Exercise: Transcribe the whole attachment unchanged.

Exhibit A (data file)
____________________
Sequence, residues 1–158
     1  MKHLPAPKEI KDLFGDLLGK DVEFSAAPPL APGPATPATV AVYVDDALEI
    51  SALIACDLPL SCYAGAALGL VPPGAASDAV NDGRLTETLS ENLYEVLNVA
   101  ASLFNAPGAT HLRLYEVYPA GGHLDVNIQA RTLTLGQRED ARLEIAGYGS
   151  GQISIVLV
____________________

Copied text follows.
Sequence, residues 1–158
     1  MKHLPAPKEI KDLFGDLLGK DVEFSAAPPL APGPATPATV AVYVDDALEI
    51  SALIACDLPL SCYAGAALGL VPPGAASDAV NDGRLTETLS ENLYEVLNVA
   101  ASLFNAPGAT HLRLYEVYPA GGHLDVNIQA RTLTLGQRED ARLEIAGYGS
   151  GQISIVLV